Not enough horror films have been set in the London Underground. Oh there was Hammer’s more sci-fi than horror flick Quatermass and the Pit, Death Line in 1972 and the fantastic werewolf chase sequence in An American Werewolf in London. But its slim pickings for variety which is a shame as the long, winding pedestrian tunnels which snake from the surface down to the rail tracks look chilling when they’re empty, with the white-tiled walls bathed in an eerie fluorescent light. I’m sure it looks like a hundred other subways, but the London Underground has a historic legacy of being the world’s first metro system and has seen plenty of action and drama during its time.

It is a pity then that Creep is the latest film to use this location as its main setting. A pity in that it’s a story we’ve seen done before, and done better, but not without its merits. A dread-filled opening half in the subway, with the potential escape routes and solutions to Kate’s situation, promises much which is not really capitalised on with the more routine second half. The claustrophobic subway passages are replaced with more generically-grim environments such as storerooms and old medical labs. It’s a good job that the first half of the film builds up plenty of goodwill to carry itself through. The dimly-lit prologue promises plenty from first time writer-director Christopher Smith and, script aside, he clearly knows his stuff, with clear influences all the way from Hammer to more recent ‘torture porn’ flicks.

Cinematography is nice and crisp, with the bright white walls of the Underground contrasting sharply against the darkness and grime of some of the sewers and abandoned tunnels. Neither brings any sort of comfort or satisfaction for the characters or the audience watching. It’s a pity not as much is made of the pure darkness that would be present over 100ft underground in these unlit corridors as it could be. It’s all too easy for the story to come across plenty of storerooms and underground medical facilities that have been left to time, and conveniently most of the rooms have power and electricity which kind of kills a lot of the ambiance. Nevertheless, there is still a generally effective atmosphere filling the screen and the claustrophobia of being stuck down there is played on fairly regularly.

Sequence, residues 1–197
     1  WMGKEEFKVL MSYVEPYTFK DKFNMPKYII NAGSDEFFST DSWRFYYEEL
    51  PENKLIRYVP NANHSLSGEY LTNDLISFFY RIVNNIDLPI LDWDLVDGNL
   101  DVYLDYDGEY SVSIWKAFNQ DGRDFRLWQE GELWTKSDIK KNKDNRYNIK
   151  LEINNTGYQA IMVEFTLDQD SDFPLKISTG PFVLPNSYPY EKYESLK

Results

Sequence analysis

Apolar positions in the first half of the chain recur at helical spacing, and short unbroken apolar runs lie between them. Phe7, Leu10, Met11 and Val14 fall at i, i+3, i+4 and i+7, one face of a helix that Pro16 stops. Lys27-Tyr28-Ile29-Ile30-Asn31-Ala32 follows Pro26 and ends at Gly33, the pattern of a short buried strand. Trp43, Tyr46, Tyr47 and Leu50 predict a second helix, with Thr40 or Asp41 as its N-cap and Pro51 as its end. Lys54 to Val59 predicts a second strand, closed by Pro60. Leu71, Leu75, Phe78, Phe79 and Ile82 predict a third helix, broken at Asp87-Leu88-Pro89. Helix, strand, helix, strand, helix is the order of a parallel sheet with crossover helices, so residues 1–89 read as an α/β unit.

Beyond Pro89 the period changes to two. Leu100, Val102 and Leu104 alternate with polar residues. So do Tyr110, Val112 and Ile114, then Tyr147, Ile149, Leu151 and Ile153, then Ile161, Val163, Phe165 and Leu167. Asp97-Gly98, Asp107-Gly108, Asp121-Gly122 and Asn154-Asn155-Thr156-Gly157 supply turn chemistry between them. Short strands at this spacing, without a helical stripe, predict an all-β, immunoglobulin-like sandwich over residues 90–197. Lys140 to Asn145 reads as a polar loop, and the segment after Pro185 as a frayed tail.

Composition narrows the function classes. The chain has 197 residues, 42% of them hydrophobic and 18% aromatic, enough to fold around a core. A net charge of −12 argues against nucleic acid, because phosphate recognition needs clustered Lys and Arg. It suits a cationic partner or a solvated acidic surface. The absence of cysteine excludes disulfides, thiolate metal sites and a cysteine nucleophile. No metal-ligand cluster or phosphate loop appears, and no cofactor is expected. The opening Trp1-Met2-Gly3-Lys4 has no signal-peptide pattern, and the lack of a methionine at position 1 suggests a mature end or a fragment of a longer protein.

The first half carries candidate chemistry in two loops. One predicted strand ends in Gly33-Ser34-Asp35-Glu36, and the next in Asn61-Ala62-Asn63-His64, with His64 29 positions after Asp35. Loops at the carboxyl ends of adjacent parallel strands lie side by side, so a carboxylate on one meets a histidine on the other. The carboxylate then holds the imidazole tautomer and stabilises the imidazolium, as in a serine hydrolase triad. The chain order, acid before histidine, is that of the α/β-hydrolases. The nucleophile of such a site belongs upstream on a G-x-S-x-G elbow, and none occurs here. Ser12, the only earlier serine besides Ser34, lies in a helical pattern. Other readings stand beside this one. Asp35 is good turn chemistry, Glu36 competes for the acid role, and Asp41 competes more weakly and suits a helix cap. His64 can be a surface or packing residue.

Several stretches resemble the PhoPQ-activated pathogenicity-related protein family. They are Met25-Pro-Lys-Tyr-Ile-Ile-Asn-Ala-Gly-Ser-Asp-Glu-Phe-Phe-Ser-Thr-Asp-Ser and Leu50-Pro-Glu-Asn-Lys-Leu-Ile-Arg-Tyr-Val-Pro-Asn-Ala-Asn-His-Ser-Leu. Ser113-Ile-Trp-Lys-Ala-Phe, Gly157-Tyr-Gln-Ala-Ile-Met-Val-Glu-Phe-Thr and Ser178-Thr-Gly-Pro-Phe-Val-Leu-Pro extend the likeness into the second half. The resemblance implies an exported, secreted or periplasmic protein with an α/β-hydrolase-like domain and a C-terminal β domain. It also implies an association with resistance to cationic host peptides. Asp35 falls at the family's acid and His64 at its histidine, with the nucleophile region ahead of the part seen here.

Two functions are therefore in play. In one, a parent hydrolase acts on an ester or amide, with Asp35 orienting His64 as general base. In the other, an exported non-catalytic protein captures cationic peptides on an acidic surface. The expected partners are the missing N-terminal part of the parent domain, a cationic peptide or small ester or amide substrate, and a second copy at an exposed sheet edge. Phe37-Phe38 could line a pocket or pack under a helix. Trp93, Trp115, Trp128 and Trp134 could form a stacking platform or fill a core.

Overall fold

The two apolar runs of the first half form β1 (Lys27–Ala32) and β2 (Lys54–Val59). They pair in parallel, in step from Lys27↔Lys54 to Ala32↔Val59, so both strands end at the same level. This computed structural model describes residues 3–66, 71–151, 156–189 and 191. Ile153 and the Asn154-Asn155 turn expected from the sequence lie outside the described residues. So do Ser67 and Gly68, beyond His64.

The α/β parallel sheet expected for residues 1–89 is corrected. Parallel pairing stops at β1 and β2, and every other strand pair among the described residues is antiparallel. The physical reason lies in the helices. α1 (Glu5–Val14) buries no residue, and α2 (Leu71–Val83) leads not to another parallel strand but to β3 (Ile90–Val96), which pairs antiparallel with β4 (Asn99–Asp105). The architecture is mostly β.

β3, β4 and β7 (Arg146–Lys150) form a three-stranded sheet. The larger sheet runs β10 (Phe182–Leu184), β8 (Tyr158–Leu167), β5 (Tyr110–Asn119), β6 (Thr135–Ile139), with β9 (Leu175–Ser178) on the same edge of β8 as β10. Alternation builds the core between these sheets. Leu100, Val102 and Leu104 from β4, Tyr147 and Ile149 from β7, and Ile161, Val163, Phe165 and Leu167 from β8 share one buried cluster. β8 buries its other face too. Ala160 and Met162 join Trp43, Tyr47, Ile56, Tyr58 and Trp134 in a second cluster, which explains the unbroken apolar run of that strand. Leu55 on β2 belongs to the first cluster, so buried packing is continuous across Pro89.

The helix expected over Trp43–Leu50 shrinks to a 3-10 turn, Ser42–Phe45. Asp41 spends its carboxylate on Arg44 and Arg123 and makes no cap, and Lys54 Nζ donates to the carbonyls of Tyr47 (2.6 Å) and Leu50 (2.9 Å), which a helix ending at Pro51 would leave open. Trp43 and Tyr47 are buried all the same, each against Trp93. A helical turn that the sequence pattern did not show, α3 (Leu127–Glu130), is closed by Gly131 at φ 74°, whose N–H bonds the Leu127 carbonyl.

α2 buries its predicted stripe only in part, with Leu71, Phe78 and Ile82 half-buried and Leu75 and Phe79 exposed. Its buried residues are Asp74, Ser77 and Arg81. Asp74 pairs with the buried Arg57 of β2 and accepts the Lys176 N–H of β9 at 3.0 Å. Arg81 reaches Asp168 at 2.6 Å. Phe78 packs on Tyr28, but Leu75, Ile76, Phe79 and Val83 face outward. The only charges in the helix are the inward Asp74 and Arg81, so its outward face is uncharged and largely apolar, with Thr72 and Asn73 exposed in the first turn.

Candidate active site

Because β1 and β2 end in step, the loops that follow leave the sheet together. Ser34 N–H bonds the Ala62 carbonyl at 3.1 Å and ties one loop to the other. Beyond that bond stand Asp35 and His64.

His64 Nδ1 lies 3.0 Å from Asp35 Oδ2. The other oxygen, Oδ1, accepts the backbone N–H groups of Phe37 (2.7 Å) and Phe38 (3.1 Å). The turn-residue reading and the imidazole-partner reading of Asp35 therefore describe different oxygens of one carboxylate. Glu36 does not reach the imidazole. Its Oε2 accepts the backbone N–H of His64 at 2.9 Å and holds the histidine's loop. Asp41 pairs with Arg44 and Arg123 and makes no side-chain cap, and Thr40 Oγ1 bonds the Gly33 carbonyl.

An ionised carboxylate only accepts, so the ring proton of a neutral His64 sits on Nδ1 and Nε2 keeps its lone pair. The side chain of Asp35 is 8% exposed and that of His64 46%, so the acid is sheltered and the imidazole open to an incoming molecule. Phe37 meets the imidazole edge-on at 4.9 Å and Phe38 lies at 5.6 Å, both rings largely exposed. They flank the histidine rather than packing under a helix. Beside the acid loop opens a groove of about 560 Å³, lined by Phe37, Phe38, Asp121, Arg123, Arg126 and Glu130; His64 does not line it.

Sadly, Creep doesn’t do an awful lot with the decent set-up and effective tools of the trade. Its essentially an underground slasher, where the characters’ isolation is in the subway rather than some summer camp in the middle of nowhere and they all go off looking around dark places, succumbing one-by-one to the killer. A number of thinly-written characters are introduced into the film simply to pad out the body count – this is Kate’s film and everyone else is second to that. At least she’s not totally stupid, doing a lot of reasonable things that the majority of people would do (like running away from the killer’s body after you think you’ve killed him…just get the hell out of there!). But the script doesn’t give her enough progression apart from running and screaming and fending for herself, which she seems very good at doing to begin with. Usually, the heroine finds some inner strength and overcomes the odds in this type of film.